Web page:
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Thursday, 7 September, 2000, 17:51 GMT 18:51 UK
Zimbabwe minister snubs farmers
Some of the CFU delegates
Nearly 700 CFU members waited in vain for the speech
By BBC's Grant Ferrett in Harare

The annual Congress of Zimbabwe's Commercial Farmers Union ended in confusion on Thursday after the minister for land and agriculture failed to attend to deliver his traditional address.

Nearly 700 delegates who had gathered for the meeting in Harare appeared surprised and disappointed that the minister, Joseph Made, did not turn up.

The delegates suggested calling on the UK to intervene, or to appeal for the services of an international arbitrator such as the former South African President, Nelson Mandela.

On Wednesday, the farmers announced that they had resumed their legal challenge to the government's attempts to seize their land without compensation.

Minister's calendar

The union President, Tim Henwood, said it was the first time in living memory that the relevant minister had failed to speak to the conference.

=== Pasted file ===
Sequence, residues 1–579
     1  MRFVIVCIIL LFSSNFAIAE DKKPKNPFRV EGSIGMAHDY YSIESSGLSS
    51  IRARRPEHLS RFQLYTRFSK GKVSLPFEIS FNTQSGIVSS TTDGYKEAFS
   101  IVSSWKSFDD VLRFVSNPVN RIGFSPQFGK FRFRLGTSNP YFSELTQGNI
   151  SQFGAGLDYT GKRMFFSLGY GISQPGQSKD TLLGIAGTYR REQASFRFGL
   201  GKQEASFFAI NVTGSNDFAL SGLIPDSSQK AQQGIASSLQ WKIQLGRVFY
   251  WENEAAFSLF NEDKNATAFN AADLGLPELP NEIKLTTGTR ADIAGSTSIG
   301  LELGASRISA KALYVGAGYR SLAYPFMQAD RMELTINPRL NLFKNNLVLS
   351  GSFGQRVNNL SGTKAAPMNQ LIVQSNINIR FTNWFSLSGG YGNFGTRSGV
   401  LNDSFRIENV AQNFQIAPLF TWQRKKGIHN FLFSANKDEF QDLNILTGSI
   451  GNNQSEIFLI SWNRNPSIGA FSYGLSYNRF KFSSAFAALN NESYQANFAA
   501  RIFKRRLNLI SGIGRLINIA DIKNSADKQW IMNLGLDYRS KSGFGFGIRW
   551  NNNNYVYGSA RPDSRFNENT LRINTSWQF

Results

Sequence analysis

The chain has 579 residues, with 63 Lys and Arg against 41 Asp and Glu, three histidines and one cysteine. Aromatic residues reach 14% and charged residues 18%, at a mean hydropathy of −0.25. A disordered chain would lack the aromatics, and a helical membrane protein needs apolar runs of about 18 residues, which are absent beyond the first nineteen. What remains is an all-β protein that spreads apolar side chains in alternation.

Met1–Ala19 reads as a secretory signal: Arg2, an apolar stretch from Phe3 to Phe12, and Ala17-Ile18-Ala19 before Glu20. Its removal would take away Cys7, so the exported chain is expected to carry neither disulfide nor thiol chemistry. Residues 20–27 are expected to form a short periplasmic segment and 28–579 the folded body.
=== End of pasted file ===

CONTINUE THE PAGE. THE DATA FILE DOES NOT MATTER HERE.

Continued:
President of Zimbabwe's Commercial Farmers Union, Tim Henwood
Tim Henwood: Minister had "a more pressing engagement"
Addressing the two day event is traditionally one of the most important events of the minister's calendar.

Mr Henwood suggested ironically that perhaps the minister had a more pressing engagement.

But relations between the mainly white farmers' union and the government have deteriorated sharply since President Mugabe and his ministers gave official backing to the illegal occupation of commercial farms in the run-up to parliamentary elections in June.

Survival plan

The failure to evict squatters, combined with a listing of thousands of white owned farms for redistribution to government supporters, threatens to completely undermine the entire economy.

Commercial agriculture is the backbone of the Zimbabwean economy, earning more foreign currency and employing more workers than any other sector.

Faced with a breakdown in the rule of law, and a refusal to enforce court orders, the farmers are desperately trying to formulate a survival plan.

But their biggest problem, as they were reminded when the land and agriculture minister failed to show up for their annual congress is that the government is not listening.

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See also:

02 Aug 00 | Business
Zimbabwe devalues currency
01 Aug 00 | Africa
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Summit backs Zimbabwe over land
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Who owns the land?
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